Discrimination based on how we talk and how we sound

Does discrimination happen based on how people talk and sound? Based on accents, word choice, enunciation, emotion, etc.?

In the United States, people can be judged harshly because they do not sound “American” or do not speak what a person may consider is “standard English”, or because they (often women) show emotion through voice and actions in a way considered inappropriate (but not when a man–usually a white man–does the same thing).

The bias can be overt and have significant consequences as in hiring, promotion, and firing decisions in employment, testimony in court cases, etc., or it can be subtle. Think about the last time you called a technical support help line, made a hotel reservation, or ordered “take out”, what did you think when the person who answered spoke with an accent or spoke in a way that you do not? What was your immediate reaction? What judgement did you make?

What does the research say?

Featured article:

*Formanowicz, M., & Suitner, C. (2020). Sounding strange(r): Origins, consequences, and boundary conditions of sociophonetic discrimination. Journal of Language and Social Psychology, 39(1), 4-21. [Cited by]

Talking is an immediate and rich form of communication. Through vocal signals we provide information about ourselves and our social background. In six empirical articles, one review article, and a commentary, this special issue gathers an integrated collection of research covering the effects of vocal cues associated with minority membership, in particular, in relation to sexual orientation and migration status. People infer speakers’ nativity to the country and their sexual orientation by integrating vocal and visual cues. This diagnostic use of vocal cues can fuel intergroup conflict in two ways: It triggers discriminatory behaviors against those sounding strange(r) and language stigma triggers social anxiety among strange(r) speakers, resulting in self-stereotyping and social exclusion. The socionormative context plays a major role in containing the consequences of this phenomenon.”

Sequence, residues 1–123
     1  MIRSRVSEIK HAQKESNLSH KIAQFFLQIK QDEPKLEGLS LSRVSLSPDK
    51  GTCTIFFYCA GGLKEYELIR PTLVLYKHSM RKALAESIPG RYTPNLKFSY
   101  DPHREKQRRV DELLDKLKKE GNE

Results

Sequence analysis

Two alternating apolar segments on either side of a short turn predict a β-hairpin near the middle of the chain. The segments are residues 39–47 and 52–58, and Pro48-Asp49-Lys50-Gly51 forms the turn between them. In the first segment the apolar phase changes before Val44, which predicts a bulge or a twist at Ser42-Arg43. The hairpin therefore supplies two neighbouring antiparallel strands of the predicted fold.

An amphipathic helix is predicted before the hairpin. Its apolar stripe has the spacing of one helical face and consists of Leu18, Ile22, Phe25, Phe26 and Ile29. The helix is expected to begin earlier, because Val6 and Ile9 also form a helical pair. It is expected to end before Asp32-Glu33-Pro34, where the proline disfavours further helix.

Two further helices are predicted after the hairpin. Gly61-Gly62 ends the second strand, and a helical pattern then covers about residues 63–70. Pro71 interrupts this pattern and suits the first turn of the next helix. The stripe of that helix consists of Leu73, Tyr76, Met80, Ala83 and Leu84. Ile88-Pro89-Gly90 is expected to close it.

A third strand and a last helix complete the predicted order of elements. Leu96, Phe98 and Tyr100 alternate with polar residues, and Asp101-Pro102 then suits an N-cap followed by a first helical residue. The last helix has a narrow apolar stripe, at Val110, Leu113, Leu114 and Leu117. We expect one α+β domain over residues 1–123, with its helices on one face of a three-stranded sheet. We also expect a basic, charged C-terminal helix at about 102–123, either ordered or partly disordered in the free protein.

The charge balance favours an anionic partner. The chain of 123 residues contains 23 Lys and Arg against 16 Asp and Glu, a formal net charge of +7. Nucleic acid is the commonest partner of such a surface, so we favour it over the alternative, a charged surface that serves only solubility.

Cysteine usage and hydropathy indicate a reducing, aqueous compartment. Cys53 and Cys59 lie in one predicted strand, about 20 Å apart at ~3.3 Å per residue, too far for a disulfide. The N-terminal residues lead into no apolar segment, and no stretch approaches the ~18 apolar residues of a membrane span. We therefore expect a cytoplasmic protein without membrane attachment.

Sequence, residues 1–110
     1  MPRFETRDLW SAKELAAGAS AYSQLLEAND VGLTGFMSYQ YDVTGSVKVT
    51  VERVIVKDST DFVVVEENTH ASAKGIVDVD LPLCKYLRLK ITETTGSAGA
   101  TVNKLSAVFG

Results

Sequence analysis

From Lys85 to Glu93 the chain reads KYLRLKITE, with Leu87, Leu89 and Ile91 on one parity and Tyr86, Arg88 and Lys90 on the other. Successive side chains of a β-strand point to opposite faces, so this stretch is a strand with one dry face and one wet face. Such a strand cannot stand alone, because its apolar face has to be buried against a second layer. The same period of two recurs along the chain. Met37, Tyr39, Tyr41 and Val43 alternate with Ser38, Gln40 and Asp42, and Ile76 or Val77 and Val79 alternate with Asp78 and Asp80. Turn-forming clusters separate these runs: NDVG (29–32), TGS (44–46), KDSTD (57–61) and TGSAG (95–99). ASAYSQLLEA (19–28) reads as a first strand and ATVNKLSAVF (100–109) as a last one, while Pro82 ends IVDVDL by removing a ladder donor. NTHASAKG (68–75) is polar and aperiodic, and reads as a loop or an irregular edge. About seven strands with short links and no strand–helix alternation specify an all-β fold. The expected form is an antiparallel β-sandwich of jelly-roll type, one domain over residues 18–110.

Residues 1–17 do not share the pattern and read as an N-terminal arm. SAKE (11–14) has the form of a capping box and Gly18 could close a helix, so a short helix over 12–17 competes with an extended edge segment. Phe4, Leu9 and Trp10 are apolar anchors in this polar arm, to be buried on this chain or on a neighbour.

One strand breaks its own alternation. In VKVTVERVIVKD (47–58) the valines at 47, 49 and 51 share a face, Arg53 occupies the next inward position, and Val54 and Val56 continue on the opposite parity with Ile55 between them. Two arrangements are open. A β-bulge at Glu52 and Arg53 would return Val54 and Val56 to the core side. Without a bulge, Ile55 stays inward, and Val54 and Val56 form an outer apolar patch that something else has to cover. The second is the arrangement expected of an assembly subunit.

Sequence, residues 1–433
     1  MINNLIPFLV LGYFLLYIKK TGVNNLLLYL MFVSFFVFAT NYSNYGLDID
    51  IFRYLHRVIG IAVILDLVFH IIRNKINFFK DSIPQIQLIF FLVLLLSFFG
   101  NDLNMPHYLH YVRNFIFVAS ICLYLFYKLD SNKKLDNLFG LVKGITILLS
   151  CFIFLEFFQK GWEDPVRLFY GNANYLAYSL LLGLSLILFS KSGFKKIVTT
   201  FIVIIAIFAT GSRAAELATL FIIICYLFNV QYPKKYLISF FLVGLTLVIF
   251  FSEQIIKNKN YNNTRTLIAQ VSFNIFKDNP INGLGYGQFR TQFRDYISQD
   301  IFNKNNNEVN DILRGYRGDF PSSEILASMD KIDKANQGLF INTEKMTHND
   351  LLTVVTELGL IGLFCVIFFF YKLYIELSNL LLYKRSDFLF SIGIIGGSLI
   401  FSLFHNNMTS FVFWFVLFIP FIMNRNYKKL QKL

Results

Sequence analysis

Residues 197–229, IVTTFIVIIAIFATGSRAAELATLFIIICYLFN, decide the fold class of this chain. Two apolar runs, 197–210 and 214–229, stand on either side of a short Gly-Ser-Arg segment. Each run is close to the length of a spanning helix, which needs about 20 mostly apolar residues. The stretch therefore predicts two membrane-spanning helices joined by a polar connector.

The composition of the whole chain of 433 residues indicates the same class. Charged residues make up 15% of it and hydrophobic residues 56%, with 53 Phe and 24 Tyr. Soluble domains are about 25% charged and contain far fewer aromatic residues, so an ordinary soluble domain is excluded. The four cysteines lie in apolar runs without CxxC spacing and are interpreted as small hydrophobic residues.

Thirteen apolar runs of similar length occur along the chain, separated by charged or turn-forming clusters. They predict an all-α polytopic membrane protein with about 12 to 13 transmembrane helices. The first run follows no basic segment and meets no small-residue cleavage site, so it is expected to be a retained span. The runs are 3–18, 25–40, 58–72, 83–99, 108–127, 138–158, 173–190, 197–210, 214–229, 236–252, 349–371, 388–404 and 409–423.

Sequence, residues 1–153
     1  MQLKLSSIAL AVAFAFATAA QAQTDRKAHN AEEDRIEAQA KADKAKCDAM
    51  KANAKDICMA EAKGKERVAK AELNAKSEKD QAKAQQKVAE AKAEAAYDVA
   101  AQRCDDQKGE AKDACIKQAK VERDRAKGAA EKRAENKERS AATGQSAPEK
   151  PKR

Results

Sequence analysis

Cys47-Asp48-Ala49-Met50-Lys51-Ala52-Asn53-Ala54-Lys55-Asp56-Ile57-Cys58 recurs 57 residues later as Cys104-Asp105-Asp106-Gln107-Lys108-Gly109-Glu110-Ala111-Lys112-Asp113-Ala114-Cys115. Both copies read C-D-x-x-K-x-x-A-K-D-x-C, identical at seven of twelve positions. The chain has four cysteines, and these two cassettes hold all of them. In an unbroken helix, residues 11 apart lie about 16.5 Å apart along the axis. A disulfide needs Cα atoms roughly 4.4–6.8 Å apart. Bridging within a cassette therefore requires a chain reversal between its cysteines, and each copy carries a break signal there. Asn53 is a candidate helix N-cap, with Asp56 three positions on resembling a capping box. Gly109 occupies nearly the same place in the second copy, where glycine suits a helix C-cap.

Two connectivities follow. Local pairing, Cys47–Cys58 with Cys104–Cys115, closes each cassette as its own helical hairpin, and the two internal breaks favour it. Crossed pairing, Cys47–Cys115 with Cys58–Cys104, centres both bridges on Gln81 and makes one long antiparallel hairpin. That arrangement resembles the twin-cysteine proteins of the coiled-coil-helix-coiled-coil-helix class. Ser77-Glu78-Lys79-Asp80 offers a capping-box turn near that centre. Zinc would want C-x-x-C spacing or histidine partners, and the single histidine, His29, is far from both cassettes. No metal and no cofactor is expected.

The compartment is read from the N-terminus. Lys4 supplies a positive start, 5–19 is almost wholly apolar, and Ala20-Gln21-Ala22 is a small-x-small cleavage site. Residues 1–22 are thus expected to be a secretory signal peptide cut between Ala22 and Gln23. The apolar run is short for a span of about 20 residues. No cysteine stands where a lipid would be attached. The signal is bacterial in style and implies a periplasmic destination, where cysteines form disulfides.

“Although sociophonetic variations are vast and omnipresent—particularly when it comes to accents as a manner of pronunciation, because everyone has some kind of an accent—not all accents are of equal status. Some accents are considered standard, or prototypical for a given country, usually associated with high-status communication of a majority group. Some accents are considered as sounding strange(r), that is different from what is being considered a standard, and their speakers are associated with lower societal standing. The acoustic deviation from the standard can, in some cases, signal one’s ethnic/national or other group identities, and thus trigger the us or them distinction.”

For more information about the psychology behind racism, discrimination, and bias, search Science Primary Literature (database), and see the psychological origins of prejudice, discrimination, and racism bibliography (Science Bibliographies Online).

Questions? Please let me know (engelk@grinnell.edu).

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